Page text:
- From the Editors: Eminence Domains
The displacement that began with communities like Seneca Village has been renewed in a current phase characterized by the luxury “Billionaire’s Row” developments that have grown up along the park’s borders. A similar trend has extended across the five boroughs, and across the country, as middle-class and low-income residents are pushed from their homes to make way for developments that price them out of their neighborhoods.
- City with Walls: Another Look at Manhattan’s Luxury Towers
Inequality has in a sense crystallized in the forms of glass and steel residential buildings carefully designed to glitter. In growing height and number, they have come to stand for a consolidation of wealth that is seemingly insoluble. Or, to use another fluid metaphor, a wealth that is unlikely to trickle down.
by Elizabeth Murphy, with photographs by James Wrona
- The Cost of Landscape: Looking Back at Some of Southern California’s Lawns
This cultivated similarity between the country’s coasts framed American identity and citizenship as a force moving westward from Europe to New England before finally reaching California, a narrative that conflated the expansion of American identity with the spread of whiteness and white power.
by Alison Kozberg
- For Whom and For What?
The obvious problem for Lincoln’s vision is that if everybody has equality of opportunity, not everybody is going to end up at the same place. And invariably, when you get some people who do better than others, they work to control the legal system.
The Birth of the Republican Party and the Makings of Modern America
in conversation with Heather Cox Richardson
- Gentrification of the Queer Bedroom
Chaz says that blackness only has to be a part of white men’s worlds if they want it to be, and that choice to see or not see blackness extends to the bedroom. “I live in a world where I have to negotiate whiteness all the time, because I’m a black man. But they don’t live in a place where they even have to look at blackness unless they’re trying to get something."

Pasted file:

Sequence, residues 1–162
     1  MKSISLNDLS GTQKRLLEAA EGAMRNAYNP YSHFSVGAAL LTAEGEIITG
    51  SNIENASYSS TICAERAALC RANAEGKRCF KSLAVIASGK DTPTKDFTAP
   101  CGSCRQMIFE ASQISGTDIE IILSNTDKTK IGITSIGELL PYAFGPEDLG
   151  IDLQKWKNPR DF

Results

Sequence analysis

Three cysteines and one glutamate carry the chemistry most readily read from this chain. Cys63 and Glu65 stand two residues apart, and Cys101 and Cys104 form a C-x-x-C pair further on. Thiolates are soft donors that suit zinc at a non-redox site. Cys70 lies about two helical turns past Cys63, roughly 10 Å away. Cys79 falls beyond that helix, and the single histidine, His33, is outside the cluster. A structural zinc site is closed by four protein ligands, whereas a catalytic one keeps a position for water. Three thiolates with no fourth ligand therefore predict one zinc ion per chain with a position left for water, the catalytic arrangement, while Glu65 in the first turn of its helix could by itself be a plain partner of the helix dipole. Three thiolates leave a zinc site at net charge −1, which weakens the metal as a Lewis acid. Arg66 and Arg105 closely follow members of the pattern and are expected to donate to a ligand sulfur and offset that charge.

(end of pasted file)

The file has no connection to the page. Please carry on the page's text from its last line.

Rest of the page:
by Mathew Rodriguez
- Notes on the New Suburbs and the New City
The most important urban trend of the last twenty years is not that cities have become hip and popular, but rather that as they have become hip and popular, there has been a reallocation of resources and capital to those hip urban areas and away from urban and suburban areas that are no longer perceived as viable.
in conversation with Kazys Varnelis
- Poetry by Dicko King
- The Pursuit of Property
by G.K. Peatling
On neoliberal understandings, if capitalist expansion produces inequalities of wealth, inequality is said anyway to be a good thing if it promotes jealousy and imitation, and thus compels people to work harder. Hence capitalist apologists’ bemusement that their “serum of freedom and prosperity” does not actually make people happy: neoliberal understandings cannot engage with the human, psychological, or social costs of inequality where the drive to emulate is thwarted, nor with how the satisfaction of existing owners is reduced as their conspicuous consumption is emulated.
- Obstructing Innovation: The Case Against Patents and Copyrights
in conversation with Dean Baker
I see patents and copyrights as relics. I began by saying that these date back to the Middle Ages, which doesn’t in and of itself mean that they’re bad—but it also doesn’t mean that they’re good. The question is, can we find a better way?
- Money over Everything: Charting Hip-Hop’s Cash Flow
by Marty Brown
Jay-Z’s call for a million more black Americans to join him amongst the upper class has echoes of Puff Daddy’s “Bad Boy for Life” video. Puffy depicts members of the white upper-class unexpectedly embracing him on their own turf. Money buys him the house, yet his swagger charms the neighbors. Puffy’s post-racial utopia of Perfectown, U.S.A., may be ironic, but his and Jay-Z’s shared belief that wealth can buy a voice among the elite seems sincere. It’s a thoroughly capitalist approach to addressing racial inequality.